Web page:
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Manifesto for a Living Lyric Drama: Is Opera a Museum Art?
The Debate Continues

 

Paris, 26 March 2005In April 2001, Culturekiosque published Lukas Pairon's provocative essay, "Opera Houses Under Fire: a Manifesto for a Living Lyric Drama," (available in English and French) which posited that major opera houses must incorporate newly-written works as a substantial part of their programme if opera is to remain a vital art form and the opera house to be more than the museum of lyric drama which it has become.  He called for a re-imagination of the art form, a re-structuring of opera companies, and a re-thinking of the means by which operas are created and staged, to incorporate more developments in the contemporary performing arts.

While not agreeing with all of his points, we feel strongly enough about the continuing need for creation that we would like to give his point of view the widest possible dissemination. At the time of its publication our readership in the United States and in Europe responded strongly to Pairon's positions, and to this day we still receive considered and substantive responses to a commentary which clearly struck many a nerve among opera enthusiasts and professionals.

To our minds, the issues Pairon raises about the present state of opera and its future are still very much alive today. Therefore, we continue to solicit comments from our readership on this topic.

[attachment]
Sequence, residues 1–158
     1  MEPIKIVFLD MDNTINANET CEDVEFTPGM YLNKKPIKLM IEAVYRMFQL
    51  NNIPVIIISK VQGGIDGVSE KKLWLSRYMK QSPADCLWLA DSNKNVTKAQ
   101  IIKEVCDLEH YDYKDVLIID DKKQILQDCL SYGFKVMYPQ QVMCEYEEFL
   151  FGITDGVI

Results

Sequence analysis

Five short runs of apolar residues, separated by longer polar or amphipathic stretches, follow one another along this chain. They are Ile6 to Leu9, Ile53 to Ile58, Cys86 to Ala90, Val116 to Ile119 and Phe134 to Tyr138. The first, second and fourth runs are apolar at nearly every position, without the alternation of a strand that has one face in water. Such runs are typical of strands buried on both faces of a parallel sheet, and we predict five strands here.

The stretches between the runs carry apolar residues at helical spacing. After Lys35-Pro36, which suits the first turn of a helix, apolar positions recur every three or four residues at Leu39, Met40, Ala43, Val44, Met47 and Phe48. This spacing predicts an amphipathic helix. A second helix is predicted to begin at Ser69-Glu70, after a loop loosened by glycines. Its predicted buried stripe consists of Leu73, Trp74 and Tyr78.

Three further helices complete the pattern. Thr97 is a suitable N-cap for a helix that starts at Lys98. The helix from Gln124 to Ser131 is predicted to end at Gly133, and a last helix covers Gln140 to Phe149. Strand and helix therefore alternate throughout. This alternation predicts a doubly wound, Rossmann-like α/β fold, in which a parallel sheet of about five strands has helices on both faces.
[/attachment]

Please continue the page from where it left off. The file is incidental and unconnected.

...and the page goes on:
Most recently, we received the following thoughtful rejoinder from one of our readers in Belgium. Other readers who wish to continue the debate are invited to contact us. We will select particularly interesting responses to this piece to share with our readers and with Lukas Pairon, who has been known to respond at length

—Joseph Romero, Editor, Culturekiosque.com

 

Sir:

Whatever opinion one may have about contemporary music, or "avant-garde", as we can put it, I find it helpful to remember what Walter Legge said about opera, or rather about art in general: democracy is the last thing we need when it comes to art.

Indeed, much of what you have written would be pointless, were our opera houses run by men and women whose only work is music, and hence would know about music, since they and only they would be in charge. I find the idea of involving 'large audiences' to debate about opening up opera houses to such and such work a total waste of time. What do I know about music? Get me the right people in the right places, and let them get on with it.

Easier said than done, I quite agree. But one can always dream of going back to dictators such as Legge, can't one?...

Yours faithfully,

Jean Paul Guillaume
Namur, Belgium



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